Frequently Asked Questions
Plasticisers and Food Safety
2.1) What are the possible food safety concerns of plasticisers?
With respect to health effects, phthalates are often classified as endocrine disrupters because of their ability to interfere with the endocrine system in the body. Exposure to large doses of phthalates has been reported to result in increased incidence of developmental abnormalities such as cleft palate and skeletal malformations, and increased fetal death in experimental animal studies. Animal studies showed that the most sensitive system is the immature male reproductive tract, with phthalate exposure resulting in increased incidence of undescended testes, decreased testes weight and decreased anogenital distance (distance between the anus and the base of the penis).
2.2) What is a clouding agent?
Clouding agent is a kind of emulsifier, an additive, which forms or maintains a uniform emulsion of two or more phases in a food. It is usually added to fruit juice or fruit beverage to increase turbidity and provide a natural appearance.
2.3) Can phthalate plasticisers (e.g. DEHP and DINP) be used in clouding agents?
No, phthalate plasticisers cannot be used as food additives and not allowed to be added into food. According to Taiwan Food and Drug Administration, there were manufacturers used phthalate plasticisers in place of other food additives to formulate clouding agents in an attempt to reduce cost and increase stability of the product.
2.4) Can we know from food labels whether clouding agents are added to food?
Clouding agents are food additives usually made of gum arabic, emulsifier, palm oil and a range of food additives. The Food and Drugs (Composition and Labelling) Regulations stipulate that any prepackaged food containing an additive should list its specific name or identification number under the International Numbering System for Food Additives and its functional class on a food label. However, some clouding agents may be used to prepare flavourings (spices) and the Regulations require food containing flavourings to list their classes only. Members of the public who wish to know whether clouding agents are added to food may check with the manufacturers.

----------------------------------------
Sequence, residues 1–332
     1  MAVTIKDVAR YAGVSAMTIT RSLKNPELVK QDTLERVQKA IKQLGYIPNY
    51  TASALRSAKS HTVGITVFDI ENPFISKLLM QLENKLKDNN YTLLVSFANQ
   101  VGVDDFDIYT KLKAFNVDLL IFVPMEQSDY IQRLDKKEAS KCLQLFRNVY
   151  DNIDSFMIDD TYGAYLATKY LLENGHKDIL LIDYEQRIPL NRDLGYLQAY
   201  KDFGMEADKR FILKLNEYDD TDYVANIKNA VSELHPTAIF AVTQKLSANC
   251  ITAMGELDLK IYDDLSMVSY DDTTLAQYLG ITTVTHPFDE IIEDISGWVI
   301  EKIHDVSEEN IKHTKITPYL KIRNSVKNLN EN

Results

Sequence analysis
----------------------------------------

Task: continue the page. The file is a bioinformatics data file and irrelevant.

2.5) Will plasticisers migrate from food containers to food?
When food contact materials such as PVC come into contact with food, the plasticisers may migrate into foodstuff. The level of migration depends on the chemical compositions of the food contact materials, the types of food, and the contact time and temperature. In general, higher levels of phthalate plasticisers will be migrated into fatty foods than non-fatty foods. Migration also increases with contact time and temperature. Therefore, phthalates should not be used in food packaging materials or containers intended to contact fatty food or food for infant and young children.
2.6) Do food containers and packagings contain phthlates ?
The common food contact materials such as some cling films of polyethylene (PE) or other polyolefins and bottles made from polyethylene terephthalate (PET) are somewhat flexible and do not require to add phthalate plasticisers.